The Next Step: Penalty Doubles

Quick Tips

  • If partner has not bid and you double at a low level bid, that is for take-out, not penalty, and you are asking to hear about partner’s longest suit

  • But if partner has bid, and you double later, it could be for penalty (by partnership agreement)

  • With a shortage in partner’s suit, and strong cards in the opponents’ suit, try a penalty double (it’s not the end of the world if it doesn’t work!)

  • Prefer to show a fit for partner first, rather than doubling for penalties

  • If partner makes a take-out double and you leave it in for penalties at a low level, you need at least five (good) trumps of the opponent’s suit and high cards in other suits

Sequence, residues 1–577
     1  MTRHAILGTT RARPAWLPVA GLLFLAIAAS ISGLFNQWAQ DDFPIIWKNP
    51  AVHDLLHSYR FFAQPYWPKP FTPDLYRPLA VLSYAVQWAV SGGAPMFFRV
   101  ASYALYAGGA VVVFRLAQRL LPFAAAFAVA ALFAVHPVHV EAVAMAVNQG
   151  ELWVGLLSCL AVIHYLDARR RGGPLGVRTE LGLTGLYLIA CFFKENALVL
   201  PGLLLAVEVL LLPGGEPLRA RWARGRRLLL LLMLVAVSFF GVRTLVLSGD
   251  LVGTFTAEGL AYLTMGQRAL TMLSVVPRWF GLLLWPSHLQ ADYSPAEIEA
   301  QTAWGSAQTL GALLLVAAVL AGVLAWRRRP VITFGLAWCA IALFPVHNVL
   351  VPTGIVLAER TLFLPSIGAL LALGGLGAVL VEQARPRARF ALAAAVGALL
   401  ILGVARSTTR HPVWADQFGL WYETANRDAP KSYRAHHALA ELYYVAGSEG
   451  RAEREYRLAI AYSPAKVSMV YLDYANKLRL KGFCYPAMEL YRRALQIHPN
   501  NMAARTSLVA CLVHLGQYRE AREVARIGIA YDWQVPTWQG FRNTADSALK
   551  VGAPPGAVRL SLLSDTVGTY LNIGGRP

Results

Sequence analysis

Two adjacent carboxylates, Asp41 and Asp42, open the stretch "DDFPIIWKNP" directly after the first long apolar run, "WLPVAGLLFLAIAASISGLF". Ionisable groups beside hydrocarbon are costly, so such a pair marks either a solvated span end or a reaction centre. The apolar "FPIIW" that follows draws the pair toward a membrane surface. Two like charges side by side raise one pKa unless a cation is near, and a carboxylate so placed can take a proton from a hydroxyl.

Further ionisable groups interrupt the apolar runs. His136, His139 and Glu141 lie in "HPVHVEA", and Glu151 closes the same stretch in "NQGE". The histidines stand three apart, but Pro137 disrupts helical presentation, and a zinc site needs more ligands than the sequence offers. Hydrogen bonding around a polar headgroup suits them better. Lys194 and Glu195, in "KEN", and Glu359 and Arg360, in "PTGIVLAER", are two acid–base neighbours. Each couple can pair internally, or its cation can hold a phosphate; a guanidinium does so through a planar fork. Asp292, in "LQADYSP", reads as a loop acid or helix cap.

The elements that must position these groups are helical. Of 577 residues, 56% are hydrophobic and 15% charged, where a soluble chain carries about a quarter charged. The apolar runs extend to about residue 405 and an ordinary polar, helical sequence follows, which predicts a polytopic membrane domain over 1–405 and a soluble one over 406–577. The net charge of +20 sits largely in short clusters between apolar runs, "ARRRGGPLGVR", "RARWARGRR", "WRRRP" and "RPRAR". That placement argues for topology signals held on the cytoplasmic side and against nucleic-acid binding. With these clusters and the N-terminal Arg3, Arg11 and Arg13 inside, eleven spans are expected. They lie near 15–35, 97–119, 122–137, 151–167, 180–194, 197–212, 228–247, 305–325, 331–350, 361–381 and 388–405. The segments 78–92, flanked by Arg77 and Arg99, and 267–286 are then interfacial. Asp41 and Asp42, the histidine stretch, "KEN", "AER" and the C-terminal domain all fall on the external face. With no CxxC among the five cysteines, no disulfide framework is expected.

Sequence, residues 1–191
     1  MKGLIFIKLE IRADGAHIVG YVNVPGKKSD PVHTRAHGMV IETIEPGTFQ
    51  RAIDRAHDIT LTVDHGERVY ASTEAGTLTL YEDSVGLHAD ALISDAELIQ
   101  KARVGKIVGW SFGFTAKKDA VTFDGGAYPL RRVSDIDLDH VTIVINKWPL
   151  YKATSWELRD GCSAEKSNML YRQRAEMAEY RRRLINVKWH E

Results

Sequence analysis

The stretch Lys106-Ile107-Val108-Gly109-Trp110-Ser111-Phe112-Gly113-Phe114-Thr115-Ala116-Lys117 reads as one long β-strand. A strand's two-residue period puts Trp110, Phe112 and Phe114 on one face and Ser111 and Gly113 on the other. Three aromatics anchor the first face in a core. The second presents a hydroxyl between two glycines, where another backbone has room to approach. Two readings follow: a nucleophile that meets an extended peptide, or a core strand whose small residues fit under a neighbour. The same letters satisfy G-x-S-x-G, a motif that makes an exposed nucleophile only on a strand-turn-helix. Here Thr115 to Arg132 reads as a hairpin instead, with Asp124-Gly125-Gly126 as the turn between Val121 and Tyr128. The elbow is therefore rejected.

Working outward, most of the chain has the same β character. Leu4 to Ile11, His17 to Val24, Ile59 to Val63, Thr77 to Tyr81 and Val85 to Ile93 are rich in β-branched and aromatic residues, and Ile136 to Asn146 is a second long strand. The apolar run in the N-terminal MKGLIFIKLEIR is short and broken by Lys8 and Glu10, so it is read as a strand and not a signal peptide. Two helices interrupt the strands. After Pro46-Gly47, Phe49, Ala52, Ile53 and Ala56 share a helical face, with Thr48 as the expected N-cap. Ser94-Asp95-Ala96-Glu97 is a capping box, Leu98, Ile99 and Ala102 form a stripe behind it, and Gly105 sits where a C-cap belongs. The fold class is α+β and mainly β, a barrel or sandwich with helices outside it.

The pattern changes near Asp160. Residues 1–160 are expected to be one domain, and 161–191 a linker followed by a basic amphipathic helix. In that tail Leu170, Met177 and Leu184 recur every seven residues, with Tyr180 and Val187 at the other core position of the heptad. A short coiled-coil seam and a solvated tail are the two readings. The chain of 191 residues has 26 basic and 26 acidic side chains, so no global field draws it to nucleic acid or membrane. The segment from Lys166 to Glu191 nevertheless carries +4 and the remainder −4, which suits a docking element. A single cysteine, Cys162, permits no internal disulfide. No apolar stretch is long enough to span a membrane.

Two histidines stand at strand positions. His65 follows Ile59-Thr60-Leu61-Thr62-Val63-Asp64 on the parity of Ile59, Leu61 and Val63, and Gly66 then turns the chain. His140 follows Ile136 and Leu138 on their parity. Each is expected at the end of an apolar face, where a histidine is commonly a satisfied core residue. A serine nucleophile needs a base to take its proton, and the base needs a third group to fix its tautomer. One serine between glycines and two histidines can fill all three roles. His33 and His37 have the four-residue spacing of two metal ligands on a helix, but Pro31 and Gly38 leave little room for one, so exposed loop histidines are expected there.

• If your partner preempts and the next hand bids, a double by you is for penalty

  • If the opponents open 1NT and you double, it’s for penalty

  • Be cautious doubling the opponents’ partscore contracts for penalty because if they make they score the game bonus as well

  • Doubling a freely bid slam is a “Lightner” double and asks for the lead of an unusual suit (it suggests a void)

  • If you are defending a low level contract that’s been doubled for penalty, lead a trump

  • You need an understanding partner if you’re going to practise penalty doubles, because sometimes the opponents make their doubled contracts!

Here’s a video from an earlier lesson if you would like to do more revision on Penalty Doubles.


 

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